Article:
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Miller voted to Pro Bowl

The Associated Press

BEREA – Jamir Miller and the Cleveland Browns achieved new firsts – together.

Thursday, January 03, 2002

BEREA – Jamir Miller and the Cleveland Browns achieved new firsts – together.

Miller, currently tied for the AFC lead with 13 sacks, on Wednesday was voted to the Pro Bowl for the first time in the linebacker’s eight-year career.

And he’s the first Cleveland player picked to make the trip to Hawaii since the Browns returned to the NFL as an expansion team in 1999.

”Finally, everyone around the league says the Cleveland Browns are for real,” Miller said. ”That makes it sweet.”

Miller, 28, has had a breakout year in Cleveland’s new defensive system which allows him to roam freely and gives him more opportunities to make big plays.

He has made a bunch.

”It’s wonderful. He deserves it,” safety Earl Little said of Miller’s selection to play in the Feb. 9 game at Honolulu. ”The guy went out there all year and played like an All-Star.”

The Browns (7-9) won just five games in their first two seasons back in the league. Punter Chris Gardocki was the only Cleveland player worthy of being a Pro Bowl selection and he never made it.

But first-year coach Butch Davis has put Cleveland and its players back on the NFL map.

”When I first started off here with an expansion team, everybody in the league thinks that everyone on this team is the worst player in the NFL,” Miller said. ”To finally have everyone say, ‘Hey, they do have some players on that team. They can play some football in Cleveland.’ That’s the best reward of all.”

Miller, who recently switched to defensive end after playing the first 12 games at linebacker, will be the first Browns player to start in the Pro Bowl since safety Eric Turner and nose tackle Michael Dean Perry in 1995.

Miller was selected as an outside linebacker on AFC’s roster along with Pittsburgh’s Jason Gildon and San Diego’s Junior Seau. One third of the voting was done by fans, one third by players and one third by coaches.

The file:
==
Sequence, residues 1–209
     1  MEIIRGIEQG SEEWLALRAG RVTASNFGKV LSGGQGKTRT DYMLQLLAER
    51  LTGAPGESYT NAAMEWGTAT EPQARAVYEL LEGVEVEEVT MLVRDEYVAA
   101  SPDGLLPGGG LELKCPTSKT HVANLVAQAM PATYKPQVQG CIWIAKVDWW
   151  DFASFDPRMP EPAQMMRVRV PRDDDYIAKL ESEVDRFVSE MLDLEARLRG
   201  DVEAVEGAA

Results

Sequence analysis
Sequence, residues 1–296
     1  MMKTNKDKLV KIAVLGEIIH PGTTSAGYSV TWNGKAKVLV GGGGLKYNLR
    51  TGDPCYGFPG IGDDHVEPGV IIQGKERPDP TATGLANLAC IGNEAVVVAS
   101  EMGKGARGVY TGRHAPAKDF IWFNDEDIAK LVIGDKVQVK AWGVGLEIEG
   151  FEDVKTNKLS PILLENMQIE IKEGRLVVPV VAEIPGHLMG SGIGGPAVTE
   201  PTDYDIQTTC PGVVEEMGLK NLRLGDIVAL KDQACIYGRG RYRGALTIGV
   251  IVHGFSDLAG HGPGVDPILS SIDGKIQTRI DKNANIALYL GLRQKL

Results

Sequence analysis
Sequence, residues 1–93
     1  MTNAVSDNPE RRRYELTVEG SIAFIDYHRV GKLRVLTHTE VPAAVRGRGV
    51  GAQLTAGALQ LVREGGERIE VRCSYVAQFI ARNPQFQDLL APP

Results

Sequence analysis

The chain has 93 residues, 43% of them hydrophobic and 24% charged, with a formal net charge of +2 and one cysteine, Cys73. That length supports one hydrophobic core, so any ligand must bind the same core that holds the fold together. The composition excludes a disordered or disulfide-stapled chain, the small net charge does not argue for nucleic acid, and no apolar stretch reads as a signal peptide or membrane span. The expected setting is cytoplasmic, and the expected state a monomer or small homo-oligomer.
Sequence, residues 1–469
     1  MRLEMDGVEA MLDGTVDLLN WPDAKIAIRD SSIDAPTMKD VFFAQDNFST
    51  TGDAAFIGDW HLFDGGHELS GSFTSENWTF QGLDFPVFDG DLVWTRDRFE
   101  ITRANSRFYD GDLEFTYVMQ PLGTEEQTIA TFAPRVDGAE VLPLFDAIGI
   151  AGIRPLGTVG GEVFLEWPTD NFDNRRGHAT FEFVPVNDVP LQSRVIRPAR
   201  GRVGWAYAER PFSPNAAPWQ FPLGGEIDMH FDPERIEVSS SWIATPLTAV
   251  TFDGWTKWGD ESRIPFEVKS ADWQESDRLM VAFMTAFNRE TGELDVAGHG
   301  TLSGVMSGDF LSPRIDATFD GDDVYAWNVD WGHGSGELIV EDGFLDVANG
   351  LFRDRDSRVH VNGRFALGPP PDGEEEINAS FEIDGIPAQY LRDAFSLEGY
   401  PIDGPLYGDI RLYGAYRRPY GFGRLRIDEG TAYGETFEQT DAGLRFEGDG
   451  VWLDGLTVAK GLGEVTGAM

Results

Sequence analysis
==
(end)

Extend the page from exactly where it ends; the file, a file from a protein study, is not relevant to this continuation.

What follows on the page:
Although the starting lineups won’t be announced until Jan. 13, Miller said he has been told he’ll start.

Miller was seventh in the fan voting heading into the final week of balloting, so he made up the difference by being picked by his peers and other coaches.

”The other teams felt that, ‘This guy’s been doing his job. He’s helping his team win’,” Miller said. ”That’s the best thing of all.”

After playing five with the Arizona Cardinals, Miller signed as a free agent with the expansion Browns in 1999. He played well in his first two years in Cleveland, but wasn’t the playmaker he or the Browns expected him to be.

Last spring, Davis decided to make Miller one again.

He promised Miller that he would get a chance to make big plays and he would be used differently this season.

”I tried to tell him what I wanted from him,” said Davis. ”If he would buy into the system, he would really like it. He could be a dominant force.”

”I was like, ‘OK’,” Miller said.

Miller changed his workout regimen during the off-season and trained for his new role by running in the mountains.

”All the stuff that makes you throw up,” Miller said. ”I didn’t want to be one of those guys that got the opportunity and can’t cash in. I wanted to be able to take advantage of the opportunity, and I did.”

Miller is second on the team with 111 tackles, and with one game left he is tied with San Diego’s Marcellus Wiley for the league lead in sacks.

Wiley’s season is finished (the Chargers are idle this weekend) and Miller has a chance to become the first Browns player to lead the AFC in sacks since they became an official stat in 1982.

”That’s my goal,” said Miller, who with two sacks can break the club single-season record set by Bill Glass in 1965.

Miller was recently voted a permanent captain by his teammates, getting named on 61 of 66 ballots. He said the honor meant as much to him as his winter trip to Hawaii.

”That shows that the guys in this locker room that I strap it up with every day feel that I’m a leader,” he said. ”Even more that I’m a model person and a model player. They feel that I get the job done.”